How has Sadie changed me?

(I read this on another special needs mom's blog and I was going to say something similar to it, but she said it so well and described exactly how I felt.  Why try to reinvent the wheel when it works perfectly, right? I hope this mom doesn't mind.  Obviously, I tweaked it a little bit.)
  I would never know that love like this existed. There are no words to explain how you love someone when you realize that their time is limited. I wouldn't realize that that is how everyone should be towards the ones they love, healthy or not.
  I wouldn't appreciate the health God has blessed Chloe and Aubrie with and how grateful I am for it. I wouldn't have known what an amazing heart God gave them and that Sadie's illness has taught them to be so kind, compassionate and caring.
  I would never know that so many children suffer so much each day and have heartbroken families that endure more than they should in ones lifetime.  I would have never known how strong I really am. A strength given to me by God, knowing that I could never do this without Him.
  I would never know the full extent of God's love. I wouldn't realize that without Him, my life is meaningless. I would have lived my life in vain, thinking that having the "smartest" children is what makes a good mommy, thinking that our success in life would be having a nice house, money in the bank and cute clothes. Not knowing that what determines a person is not what they have but what they do with what they have.
  I would have looked at children with disabilities as a tragedy instead of what they truly are, a blessing from God Himself. I would have looked at the parents with sympathy, silently thanking God that it wasn't me in those shoes instead of knowing what an amazing opportunity that they have been given.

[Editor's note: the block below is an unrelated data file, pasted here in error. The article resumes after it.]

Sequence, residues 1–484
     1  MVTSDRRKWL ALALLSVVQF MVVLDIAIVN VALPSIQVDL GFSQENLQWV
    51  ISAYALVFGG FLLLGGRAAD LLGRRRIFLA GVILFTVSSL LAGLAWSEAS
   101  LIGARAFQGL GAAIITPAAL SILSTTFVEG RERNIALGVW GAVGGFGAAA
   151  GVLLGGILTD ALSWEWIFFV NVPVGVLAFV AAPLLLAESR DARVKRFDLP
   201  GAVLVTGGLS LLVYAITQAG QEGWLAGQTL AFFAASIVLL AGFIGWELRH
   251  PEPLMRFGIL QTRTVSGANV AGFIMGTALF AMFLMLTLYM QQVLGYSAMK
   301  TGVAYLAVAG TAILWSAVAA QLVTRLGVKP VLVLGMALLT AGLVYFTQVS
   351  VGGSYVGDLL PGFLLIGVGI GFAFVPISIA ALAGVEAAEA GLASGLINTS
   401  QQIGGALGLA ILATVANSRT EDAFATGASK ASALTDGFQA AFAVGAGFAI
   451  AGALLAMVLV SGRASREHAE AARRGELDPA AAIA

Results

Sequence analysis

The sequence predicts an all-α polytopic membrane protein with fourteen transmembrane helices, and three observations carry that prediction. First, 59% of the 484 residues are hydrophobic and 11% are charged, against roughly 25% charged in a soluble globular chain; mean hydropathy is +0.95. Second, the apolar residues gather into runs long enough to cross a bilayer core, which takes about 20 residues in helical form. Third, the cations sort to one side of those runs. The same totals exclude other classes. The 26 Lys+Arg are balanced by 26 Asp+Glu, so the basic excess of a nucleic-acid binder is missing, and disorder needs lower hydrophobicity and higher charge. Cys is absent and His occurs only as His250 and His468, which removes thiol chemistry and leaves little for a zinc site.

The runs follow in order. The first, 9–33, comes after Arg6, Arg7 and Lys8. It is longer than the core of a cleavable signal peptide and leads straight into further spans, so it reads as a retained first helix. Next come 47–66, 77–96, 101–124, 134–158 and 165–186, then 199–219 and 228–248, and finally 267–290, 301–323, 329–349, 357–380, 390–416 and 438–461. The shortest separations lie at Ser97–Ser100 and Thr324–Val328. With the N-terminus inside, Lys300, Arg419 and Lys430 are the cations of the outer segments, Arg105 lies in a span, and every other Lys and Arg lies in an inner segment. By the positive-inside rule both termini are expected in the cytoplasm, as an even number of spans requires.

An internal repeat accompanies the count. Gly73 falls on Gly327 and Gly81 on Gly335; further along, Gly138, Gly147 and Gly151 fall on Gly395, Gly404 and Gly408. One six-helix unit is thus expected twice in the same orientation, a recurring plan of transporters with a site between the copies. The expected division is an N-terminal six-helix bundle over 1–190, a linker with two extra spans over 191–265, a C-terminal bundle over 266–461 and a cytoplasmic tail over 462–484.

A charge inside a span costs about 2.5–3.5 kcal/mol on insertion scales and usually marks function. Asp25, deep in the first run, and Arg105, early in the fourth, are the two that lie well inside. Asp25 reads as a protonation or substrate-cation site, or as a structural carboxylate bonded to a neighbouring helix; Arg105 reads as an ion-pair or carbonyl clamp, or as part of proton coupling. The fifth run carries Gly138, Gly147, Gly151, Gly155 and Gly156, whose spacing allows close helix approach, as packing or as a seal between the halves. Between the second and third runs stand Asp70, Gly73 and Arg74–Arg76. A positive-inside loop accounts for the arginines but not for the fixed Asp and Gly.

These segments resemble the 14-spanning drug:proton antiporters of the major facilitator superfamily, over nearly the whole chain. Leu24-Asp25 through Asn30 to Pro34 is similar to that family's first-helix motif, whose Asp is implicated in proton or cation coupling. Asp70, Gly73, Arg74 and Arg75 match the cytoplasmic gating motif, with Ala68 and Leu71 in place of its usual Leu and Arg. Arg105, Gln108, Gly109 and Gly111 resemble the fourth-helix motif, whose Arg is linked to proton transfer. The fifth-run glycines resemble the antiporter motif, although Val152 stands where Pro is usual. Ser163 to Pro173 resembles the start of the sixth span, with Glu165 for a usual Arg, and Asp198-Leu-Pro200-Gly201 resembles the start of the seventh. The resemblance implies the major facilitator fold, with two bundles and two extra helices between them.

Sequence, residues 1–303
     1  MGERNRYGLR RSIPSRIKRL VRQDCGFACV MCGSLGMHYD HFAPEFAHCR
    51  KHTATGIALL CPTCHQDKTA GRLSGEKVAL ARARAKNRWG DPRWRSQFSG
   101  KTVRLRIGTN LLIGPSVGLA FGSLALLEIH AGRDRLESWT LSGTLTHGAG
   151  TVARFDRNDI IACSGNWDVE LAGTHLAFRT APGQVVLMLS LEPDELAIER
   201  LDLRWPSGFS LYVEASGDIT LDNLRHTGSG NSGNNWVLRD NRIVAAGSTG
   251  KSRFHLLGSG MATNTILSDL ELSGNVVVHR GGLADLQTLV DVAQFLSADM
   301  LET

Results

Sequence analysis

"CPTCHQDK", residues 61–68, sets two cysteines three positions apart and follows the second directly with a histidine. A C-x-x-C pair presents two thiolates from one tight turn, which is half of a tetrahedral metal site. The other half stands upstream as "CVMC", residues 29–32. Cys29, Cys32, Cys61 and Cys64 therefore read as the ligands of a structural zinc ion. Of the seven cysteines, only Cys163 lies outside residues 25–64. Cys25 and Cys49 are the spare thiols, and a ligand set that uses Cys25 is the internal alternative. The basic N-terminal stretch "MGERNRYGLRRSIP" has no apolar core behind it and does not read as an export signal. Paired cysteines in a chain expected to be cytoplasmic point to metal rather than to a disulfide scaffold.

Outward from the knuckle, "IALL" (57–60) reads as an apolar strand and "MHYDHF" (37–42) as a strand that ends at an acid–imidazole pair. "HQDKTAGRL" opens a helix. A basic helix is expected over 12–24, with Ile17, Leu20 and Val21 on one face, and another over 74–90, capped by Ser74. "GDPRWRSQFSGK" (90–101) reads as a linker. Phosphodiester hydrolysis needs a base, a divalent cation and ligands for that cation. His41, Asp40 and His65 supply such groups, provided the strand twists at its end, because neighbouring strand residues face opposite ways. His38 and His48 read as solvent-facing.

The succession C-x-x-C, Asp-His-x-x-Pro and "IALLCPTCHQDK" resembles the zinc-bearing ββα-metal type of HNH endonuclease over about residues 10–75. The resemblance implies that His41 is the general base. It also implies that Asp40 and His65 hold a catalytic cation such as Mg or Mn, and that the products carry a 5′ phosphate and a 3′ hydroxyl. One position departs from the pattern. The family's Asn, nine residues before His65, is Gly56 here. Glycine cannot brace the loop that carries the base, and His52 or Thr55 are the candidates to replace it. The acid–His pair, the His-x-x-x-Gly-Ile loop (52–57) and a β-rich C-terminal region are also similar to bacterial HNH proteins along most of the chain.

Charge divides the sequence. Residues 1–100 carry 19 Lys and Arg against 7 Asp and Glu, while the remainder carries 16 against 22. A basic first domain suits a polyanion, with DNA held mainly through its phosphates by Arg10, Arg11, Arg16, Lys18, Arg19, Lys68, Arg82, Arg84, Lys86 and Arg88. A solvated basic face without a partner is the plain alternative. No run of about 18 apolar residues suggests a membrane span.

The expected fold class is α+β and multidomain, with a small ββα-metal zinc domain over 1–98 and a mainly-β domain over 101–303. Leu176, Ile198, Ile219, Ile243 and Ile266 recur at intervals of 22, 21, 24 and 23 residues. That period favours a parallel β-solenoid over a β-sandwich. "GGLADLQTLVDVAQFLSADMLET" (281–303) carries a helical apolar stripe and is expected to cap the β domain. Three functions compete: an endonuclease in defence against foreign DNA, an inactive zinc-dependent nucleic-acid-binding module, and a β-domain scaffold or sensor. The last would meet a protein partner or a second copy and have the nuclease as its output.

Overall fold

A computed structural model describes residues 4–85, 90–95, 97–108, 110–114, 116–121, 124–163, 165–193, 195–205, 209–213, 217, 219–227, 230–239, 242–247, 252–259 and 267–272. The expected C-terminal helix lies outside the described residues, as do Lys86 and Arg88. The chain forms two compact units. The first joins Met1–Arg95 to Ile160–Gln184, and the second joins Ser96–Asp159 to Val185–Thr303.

I would have never realized what absolutely amazing people there are in this world. Ones that bend over backwards to help us in every way. Our family, friends, Sadie's therapists, and people we haven't even met.
  Sadie has forever changed my life. While I have cried more than I thought could be humanly possible, its only because of the love that I have for her, a love Christ instilled in me, a love that Christ shows me each day. If I had the choice, there is no question I would want Sadie to be typical/healthy.  Would I want to be the person I was before all of this? No, not at all. I will spend the rest of my life praising God that he thought of us so worthy to have a special blessing like Sadie. I will pray that God shows me what he wants me to learn from this, ask him to show me His purpose so I can fulfill the role He wants for me.
  Because of Sadie, I know true love, true happiness.  I am so blessed to be Sadie's (and Chloe and Aubrie's) mommy.

So have I changed? Yes!  I am proud of it and am no longer offended when people say it to me.  Instead I say "Thank You"

*Look at all the lessons Sadie taught me this time.  She is simply amazing!*

November 21, 2012

New changes

  Up to this point Sadie has been a "normal" infant.  Yes, she has a feeding tube, but she's not on it 24/7 and can be disconnected at anytime.  She does not need to be kept in a bubble because of health issues, I use an infant carrier/car seat, she can go in and out of stores without a thought, I buy her formula at the store just like any other mom.  No one would ever know that my child is any different from their child.  My life is "normal" (at least in those aspects).
  The time has come for some changes.  Changes that are going to change my life again. Not that they are bad changes, but still they are changes.  I will have to tweak my life a little.